While price trends are the focus for home owners, transaction volumes are more important for business operating in the market. National data from HMRC shows housing transactions down slightly (2%) over 2018 but in line with the average over the last 5 years. Similarly, Bank of England data on the number of mortgage approvals for those looking to buy a home are in line with the average over the last 5 years. There are regional variations to market activity. Most notably the slowdown in London price growth has been accompanied by a double-digit decline in sales volumes although transaction levels appear to have stabilised. Regional cities continue to register increased sales volumes, offsetting weakness in southern England.
Buyers shrug off Brexit uncertainty
As the debate around Brexit intensifies there has been renewed focus on what this means for the housing market. It is clear from the transactional data that households are continuing to buy property at a steady rate and the impetus for growth in both activity and prices is focused in regional housing markets.
London price falls a result of market fundamentals
It remains our view that housing market fundamentals explain the slowdown in London with Brexit uncertainty a compounding factor for the slowdown in London. We expect average prices across London to decline by 2% in 2019 with price falls concentrated in central London where annual growth is currently -4%. Prices continue to post small gains in the more affordable areas of outer London.
First time buyers an important boost to demand
Prices are set to continue growing at an above average rate in regional cities over 2019 with the highest growth rates in cities where the jobs market is strong. At a national level, first-time buyers look set to overtake existing homeowners as the largest group of home buyers in 2018. We expect first time buyers to be the largest buyer group in 2019. This group are an important source of housing demand in regional cities where affordability is less of a barrier to home ownership than in south Eastern England.Fig. 3 – Development of house price growth 2009-2018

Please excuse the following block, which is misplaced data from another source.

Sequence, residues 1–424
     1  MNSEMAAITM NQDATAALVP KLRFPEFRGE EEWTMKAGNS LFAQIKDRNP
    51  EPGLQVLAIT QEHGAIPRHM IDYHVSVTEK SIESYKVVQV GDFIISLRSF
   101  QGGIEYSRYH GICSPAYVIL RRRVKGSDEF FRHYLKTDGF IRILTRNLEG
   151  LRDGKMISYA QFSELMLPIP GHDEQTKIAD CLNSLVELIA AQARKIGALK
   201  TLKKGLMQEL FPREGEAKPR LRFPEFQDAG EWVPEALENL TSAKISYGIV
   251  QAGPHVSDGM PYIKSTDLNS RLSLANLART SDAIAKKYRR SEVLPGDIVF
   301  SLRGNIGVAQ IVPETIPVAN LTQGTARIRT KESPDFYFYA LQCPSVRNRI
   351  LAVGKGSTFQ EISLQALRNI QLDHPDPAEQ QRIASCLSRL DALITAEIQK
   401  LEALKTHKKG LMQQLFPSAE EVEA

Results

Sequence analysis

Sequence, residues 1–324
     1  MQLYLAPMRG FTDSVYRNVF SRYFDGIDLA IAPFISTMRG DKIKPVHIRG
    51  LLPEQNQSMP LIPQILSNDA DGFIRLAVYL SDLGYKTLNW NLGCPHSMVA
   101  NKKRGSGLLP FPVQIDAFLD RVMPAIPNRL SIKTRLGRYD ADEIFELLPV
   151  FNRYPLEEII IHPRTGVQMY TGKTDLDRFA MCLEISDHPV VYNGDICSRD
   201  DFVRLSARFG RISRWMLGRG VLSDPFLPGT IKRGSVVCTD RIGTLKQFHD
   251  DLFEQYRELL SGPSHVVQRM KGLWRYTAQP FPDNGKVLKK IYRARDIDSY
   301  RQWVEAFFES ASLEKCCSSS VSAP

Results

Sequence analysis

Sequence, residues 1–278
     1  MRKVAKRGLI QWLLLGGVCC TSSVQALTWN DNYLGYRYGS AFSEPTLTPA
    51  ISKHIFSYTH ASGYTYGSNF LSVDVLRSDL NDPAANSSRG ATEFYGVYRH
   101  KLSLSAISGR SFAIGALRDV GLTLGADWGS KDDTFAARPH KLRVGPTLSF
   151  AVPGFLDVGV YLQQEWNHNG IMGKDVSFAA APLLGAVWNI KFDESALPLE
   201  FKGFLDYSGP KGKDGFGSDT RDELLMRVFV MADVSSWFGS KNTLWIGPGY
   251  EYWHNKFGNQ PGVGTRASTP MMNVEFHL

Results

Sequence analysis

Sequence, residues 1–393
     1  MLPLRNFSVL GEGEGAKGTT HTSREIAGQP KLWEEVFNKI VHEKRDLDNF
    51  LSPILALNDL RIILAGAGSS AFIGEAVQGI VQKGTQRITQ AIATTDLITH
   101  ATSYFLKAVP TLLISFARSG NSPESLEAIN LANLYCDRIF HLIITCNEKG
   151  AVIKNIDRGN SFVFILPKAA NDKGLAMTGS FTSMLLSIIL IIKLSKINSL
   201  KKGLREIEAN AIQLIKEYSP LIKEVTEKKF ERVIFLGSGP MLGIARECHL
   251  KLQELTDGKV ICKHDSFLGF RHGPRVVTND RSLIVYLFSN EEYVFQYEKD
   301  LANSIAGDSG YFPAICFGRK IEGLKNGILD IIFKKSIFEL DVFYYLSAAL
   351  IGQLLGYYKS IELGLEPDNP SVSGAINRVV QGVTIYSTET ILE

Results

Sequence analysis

House price inflation is currently sitting at +2.8% annually, with growth ranging from +6.8% in Leicester to +0.2% in Cambridge. Prices are up 17% in two regional cities since the Brexit vote, and growth in London rises to +0.4%.
The 20-city index is registering house price inflation of 2.9%. Growth ranges from +6% in Leicester to -1.6% in Aberdeen. Comparison of time to sell and discounts to asking price indicates the strength of city housing markets, with twelve cities having relatively strong market fundamentals.
The 20-city index is registering house price inflation of 2.6%, the lowest annual rate of growth for 5 years. House price inflation in London is ending the year with price falls for only the second time in 23 years. Affordability will set the framework for future growth, and we predict 2% house price growth in 2019.
House price inflation is currently sitting at 3.2% annually, with growth ranging from +7.7% in Leicester to -2.8% in Aberdeen. Six cities are registering growth above 6%, while London prices are falling by -0.4%. The impact of Brexit on housing has so far been limited, our lead housing indicators suggest no imminent deterioration in the outlook for prices. However, uncertainty about Brexit has been a compounding factor in the slowdown of the London market, alongside weaker market fundamentals.